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Senator Sylvia Allen on the Constitutional removal of Colleen Mathis

Senator Sylvia Allen

On Tuesday the Senate confirmed the Governor’s removal of the Independent Redistricting Commission Chair Colleen Mathis. This action should have been taken back in June, but it was taken now because the maps produced by the IRC under the direction of the Chair are unconstitutional in all six criteria that must be considered:

  • The U.S.Voting Rights Act
  • Equal Population
  • Geographical Compactness
  • Respect for Communities of Interest
  • Use of Visible Geographic features
  • Competitiveness

We believe that Ms. Mathis has presided over a dysfunctional process riddled with incompetence and that she has failed in her one, overriding goal: to produce constitutional maps.

The Chair prevented Republican Commission members from hiring their own counsel, and she engineered the awarding of a mapping consultant contract to a partisan firm that clearly was in over its head. The awarding of the contract to Strategic Telemetry was done under a cloud of open meeting violations and alleged bid-rigging. Those evaluations were then put through a paper shredder so that nothing can be verified.

She has refused to cooperate with the Attorney General’s open meeting law investigation of the IRC.

The IRC abandoned the use of grid maps, contrary to the Arizona Constitution.

Dramatic changes were made to the draft maps over the weekend of September 24, in private and without the full Commission. The following Monday, commissioners were asked to view and approve the entirely new maps.

After seven days of testimony in front of the Joint Legislative Committee on Redistricting, there is overwhelming evidence that the IRC has produced unconstitutional congressional and legislative draft maps. You can read the report here.

The law provides for the actions that the Governor and the Legislature took Tuesday. When Proposition 106 was passed by the people, provisions were included for removal of any Commissioner if they did not function properly and within the law.

I heard a consistent complaint over and over from many in my District who attended the IRC meeting. They felt strongly that the commissioners did not listen or care about the testimony given concerning their proposed maps. Early in the process, maps from my District had been drawn and submitted to the Commission. These maps had strong support of the vast majority of my District. These maps met the Constitutional criteria and would have kept eastern rural Arizonatogether. In my District alone, 15 cities and towns passed resolutions in support of our maps and against the IRC maps. The five eastern counties all testified that we would lose rural representation under the new maps and that the four new districts drawn out of the original District 5 did not meet the Constitutional criteria.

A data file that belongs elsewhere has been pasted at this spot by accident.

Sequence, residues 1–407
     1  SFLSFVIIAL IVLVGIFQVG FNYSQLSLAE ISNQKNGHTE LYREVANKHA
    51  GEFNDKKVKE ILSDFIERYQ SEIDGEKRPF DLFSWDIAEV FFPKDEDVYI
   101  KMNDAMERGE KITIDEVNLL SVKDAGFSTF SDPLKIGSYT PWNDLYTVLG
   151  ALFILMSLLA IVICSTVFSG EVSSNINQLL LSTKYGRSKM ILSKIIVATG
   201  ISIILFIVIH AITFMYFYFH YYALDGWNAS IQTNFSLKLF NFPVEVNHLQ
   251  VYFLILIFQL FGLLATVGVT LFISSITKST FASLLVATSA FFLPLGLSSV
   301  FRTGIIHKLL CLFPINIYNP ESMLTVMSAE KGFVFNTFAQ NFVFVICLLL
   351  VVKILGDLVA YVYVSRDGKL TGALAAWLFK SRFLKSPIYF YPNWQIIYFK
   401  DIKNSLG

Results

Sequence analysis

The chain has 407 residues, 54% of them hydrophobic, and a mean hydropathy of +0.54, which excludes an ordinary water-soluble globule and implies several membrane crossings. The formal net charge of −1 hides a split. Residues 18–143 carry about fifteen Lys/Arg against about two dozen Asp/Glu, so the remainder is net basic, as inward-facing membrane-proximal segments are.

More than ten years ago, Prop 106 (the Creation of an Independent Redistricting Commission) was sold to the public by persuading them that it would be “independent” – that is, free from all partisanship. Please understand that NOTHING is ever free from politics or partisanship but if it is held accountable to the people through their vote and voice, then we have a better check on the process.

Before the IRC (Prop 106), the state Constitution put the responsibility for redistricting in the hands of the Legislature, approved by the Governor. This constitutional process held the Legislature/Governor accountable to the people who, through their vote and voice, could express their desires and concerns. Through this process, my 15 cities and towns and five counties’ resolutions would have had more of an impact on the Legislature than on an “independent” commission composed of people who feel no responsibility to or consequences from the voters.

By creating an “independent” commission that is totally unaccountable to the people, the people’s voice has been lost, and all that matters is the individual partisanship pressure the commissioners feel from special interests. We need to repeal the law that created the IRC and put this process back in the hands of the people, as it was originally constitutionally designed.

Governor Brewer Statement on Special Session and Removal of IRC Chairwoman

FOR IMMEDIATE RELEASE: November 1, 2011
CONTACT: Matthew Benson

Statement from Governor Jan Brewer
Special Session and Removal of IRC Chairwoman

Governor Jan Brewer released the following statement today as she invoked her Constitutional authority to remove a member of the Independent Redistricting Commission:

“The Arizona Constitution provides that the Governor has direct oversight of the Independent Redistricting Commission, as well as the ability to remove any member due to ‘substantial neglect of duty’ or ‘gross misconduct in office.’ I invoked that authority today with my decision to remove IRC Chairwoman Colleen Mathis, and I’ve called the Arizona Legislature into Special Session so that the State Senate may concur with this removal, in accordance with the Constitution.

“I recognize that my decision will not be popular in some quarters. I certainly did not reach it lightly. However, the conduct of the IRC – led by Chairwoman Mathis – has created a cloud of suspicion that will not lift. A flawed redistricting process has resulted in flawed district maps. As Chairwoman of this Commission, the buck stops with Ms. Mathis.

“Today’s action isn’t the easy thing, certainly. But I’m convinced it’s the right thing. I will not sit idly-by while Arizona’s congressional and legislative boundaries are drawn in a fashion that is anything but Constitutional and proper. Arizona voters must live with the new district maps for a decade.

“I urge the Senate to act quickly so that a newly-constituted Redistricting Commission may complete its duties in time.”